Out of the deeps rises the mysterious lotus. Stop in for refreshment, heka, and reflections from the sacred waters of ancient Egypt.
Afterlife Journey Through the Duat
Here's another section of that paper I wrote for class in April.
Every Egyptian expected to make an arduous journey following physical death. Escorted by Anubis, the soul would enter a complex and frightening place called the Duat. Though neither above nor below this world, the Duat is often referred to as an underworld. Rather, it is an afterlife region of transition from death to transformation and rebirth into a new life as an akh, or transfigured spirit. In the Duat, the soul encounters a series of gates for which s/he must be prepared to give a password, as well as strange creatures, a lake of fire, and other often-fearsome things. Most of this is navigated by boat on a winding waterway beneath which lurks a giant menacing serpent. Upon passing successfully through the Duat, the soul appears before Osiris for the weighing-of-the-heart ceremony.
There are other ancient Egyptian texts which describe pictorially what the soul might expect to encounter, and provide spells for use in achieving the goal of transfiguration and eternal life. They include: the Coffin Texts; the Amduat; the Book of Caverns; the Book of the Earth; the Book of Nut; the Book of the Heavenly Cow; the Book of the Night; the Book of Nut; the Book of Gates; and the Book of the Dead. These texts, or parts of them, are found on innumerable tomb walls, coffins, stelae and papyrus scrolls buried with their owner, although some were reserved for the king, e.g., the Pyramid Texts.
Although the afterlife journey begins in darkness with the setting of the sun, it is a journey which results in emergence, or “Coming Forth By Day” (the actual title of the so-called Book of the Dead). (Naydler, 1996) It was not a place of punishment, for it was not a permanent location for anyone, but rather a sort of proving ground for regeneration. The sun, as embodied by Ra, traveled through the Duat each night. The soul which was successful in making the same journey could anticipate a similar rebirth at dawn.
Several primal deities take part in the cosmic drama of the Duat, and are later shown to unite, their fusion suggesting that each deity is an aspect of the others. In simple terms, Kheper is the sun at dawn (the word kheper is the verb meaning “to become”), Horus is the sun at noon, at the height of its powers and lifespan, and Ra is the elderly, declining sun as it sets in the west. The west is thought of as the place of the dead. Cemeteries were typically situated on the west bank of the Nile, e.g., Giza and Saqqara, and the deceased were said to have journeyed to imentet, the place of the west.
The classical mystery religions have been attributed to Hellenic culture, but may well have originated in Old Kingdom Egypt, as evidenced by the Pyramid Texts. (Assman, 2001) Many scholars assert that the transcendent experiences described in the Pyramid Texts could only take place after death (Piankhof, Morenz, Hornung, Assman, Mercer, others). But this attitude is an artifact of the early days of Egyptology, when practitioners sought to legitimize their profession by distancing themselves from any hint of mysticism.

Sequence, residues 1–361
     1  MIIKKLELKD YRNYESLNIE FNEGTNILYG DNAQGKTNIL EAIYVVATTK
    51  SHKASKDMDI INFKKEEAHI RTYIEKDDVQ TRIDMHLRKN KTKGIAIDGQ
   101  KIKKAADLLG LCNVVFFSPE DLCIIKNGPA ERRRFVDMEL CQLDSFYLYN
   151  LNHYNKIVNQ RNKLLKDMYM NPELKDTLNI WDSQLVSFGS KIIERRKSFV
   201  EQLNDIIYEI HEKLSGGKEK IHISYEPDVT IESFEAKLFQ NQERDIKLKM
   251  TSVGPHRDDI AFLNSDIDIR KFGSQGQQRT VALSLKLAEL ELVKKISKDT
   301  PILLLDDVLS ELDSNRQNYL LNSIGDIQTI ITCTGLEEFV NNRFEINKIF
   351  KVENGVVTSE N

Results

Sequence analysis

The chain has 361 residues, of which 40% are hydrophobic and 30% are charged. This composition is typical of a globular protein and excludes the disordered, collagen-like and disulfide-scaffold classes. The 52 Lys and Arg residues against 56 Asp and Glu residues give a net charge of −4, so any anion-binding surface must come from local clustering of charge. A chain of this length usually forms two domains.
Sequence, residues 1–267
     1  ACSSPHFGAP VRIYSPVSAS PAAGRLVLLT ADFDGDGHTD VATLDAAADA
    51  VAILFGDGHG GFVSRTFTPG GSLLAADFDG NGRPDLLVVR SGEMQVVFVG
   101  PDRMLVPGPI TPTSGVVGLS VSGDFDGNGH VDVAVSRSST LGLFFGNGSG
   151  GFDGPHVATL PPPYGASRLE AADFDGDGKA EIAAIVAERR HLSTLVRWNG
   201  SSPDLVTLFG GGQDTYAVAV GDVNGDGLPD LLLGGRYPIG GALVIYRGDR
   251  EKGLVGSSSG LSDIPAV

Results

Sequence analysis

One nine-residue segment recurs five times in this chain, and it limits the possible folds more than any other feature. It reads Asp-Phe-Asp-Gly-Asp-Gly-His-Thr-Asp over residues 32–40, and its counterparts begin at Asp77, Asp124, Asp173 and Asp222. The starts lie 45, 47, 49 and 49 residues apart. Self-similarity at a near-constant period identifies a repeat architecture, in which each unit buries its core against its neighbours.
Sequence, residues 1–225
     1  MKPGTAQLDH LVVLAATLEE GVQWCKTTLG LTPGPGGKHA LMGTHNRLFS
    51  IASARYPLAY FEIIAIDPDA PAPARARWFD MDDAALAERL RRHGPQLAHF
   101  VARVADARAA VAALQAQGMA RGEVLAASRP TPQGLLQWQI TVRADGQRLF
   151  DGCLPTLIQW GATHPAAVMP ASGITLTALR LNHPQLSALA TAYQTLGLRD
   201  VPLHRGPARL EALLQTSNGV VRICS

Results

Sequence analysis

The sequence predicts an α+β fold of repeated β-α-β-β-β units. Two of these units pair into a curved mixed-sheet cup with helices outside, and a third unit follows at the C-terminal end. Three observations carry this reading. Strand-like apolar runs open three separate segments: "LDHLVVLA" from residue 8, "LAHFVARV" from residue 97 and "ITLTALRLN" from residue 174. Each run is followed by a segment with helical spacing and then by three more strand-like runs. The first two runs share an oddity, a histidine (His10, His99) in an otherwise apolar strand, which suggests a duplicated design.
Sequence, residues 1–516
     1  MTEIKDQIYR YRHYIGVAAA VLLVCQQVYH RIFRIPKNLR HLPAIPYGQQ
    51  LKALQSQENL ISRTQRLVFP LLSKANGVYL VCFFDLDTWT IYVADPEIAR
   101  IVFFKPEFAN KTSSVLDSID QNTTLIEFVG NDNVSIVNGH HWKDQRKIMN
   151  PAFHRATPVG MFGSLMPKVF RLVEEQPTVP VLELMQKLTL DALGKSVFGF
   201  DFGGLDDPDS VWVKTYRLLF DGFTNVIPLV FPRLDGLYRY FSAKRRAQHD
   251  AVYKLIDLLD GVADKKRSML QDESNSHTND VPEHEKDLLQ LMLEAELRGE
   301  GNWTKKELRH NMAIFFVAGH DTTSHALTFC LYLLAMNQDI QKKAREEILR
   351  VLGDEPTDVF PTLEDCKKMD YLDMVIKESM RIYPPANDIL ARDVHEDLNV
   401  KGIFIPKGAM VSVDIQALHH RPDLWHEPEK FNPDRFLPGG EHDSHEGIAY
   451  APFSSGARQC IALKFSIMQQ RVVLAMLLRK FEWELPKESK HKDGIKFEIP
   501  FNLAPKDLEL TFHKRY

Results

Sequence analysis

Others have suggested that the journey through the Duat was not exclusively funerary, but represented a mystical understanding of ancient Egyptian religious thought. (Naydler, 2005) Certainly, this way of thinking would find a new manifestation in the Christian religion, Jesus and Osiris often being compared. Mystery religions are typically concerned with the idea of regeneration and rebirth after physical death as a metaphor for spiritual regeneration. But that a highly religious society would configure itself as postponing all mystical experience until after physical death seems unusual. Naydler theorizes that the Pyramid Texts encapsulate a sort of “shamanic wisdom,” making the afterlife journey of the soul a motif for spiritual development during physical life. (Naydler, 2005)
To understand a mystical interpretation of the Pyramid Texts as applicable to a living person, one must look at the ritual tradition of ancient Egypt. Daily temple rituals were marked by assiduous repetition of words, gestures and actions, such as opening the naos, sweeping the floor, washing the god statue, etc. (Reidy, 2010) Seasonal rituals were marked by public festivals, with limited outside participation by the temple priests. The re-enactment of ritual was a constant throughout ancient Egypt’s history, from the 4th millennium B.C.E. to the 4th century C.E.
[more on ritual in subsequent posts]
Assman, Jan, The Mind of Egypt: History and Meaning in the Time of the Pharaohs, Henry Holt and Company: New York, 1996.
Assman, Jan, trans. By David Lorton, The Search For God in Ancient Egypt, Cornell University Press: Ithaca, NY, 2001.
Naydler, Jeremy, Temple of the Cosmos, Inner Traditions: Rochester, Vermont, 1996.
Naydler, Jeremy, Shamanic Wisdom in the Pyramid Texts, Inner Traditions: Rochester, Vermont, 2005.
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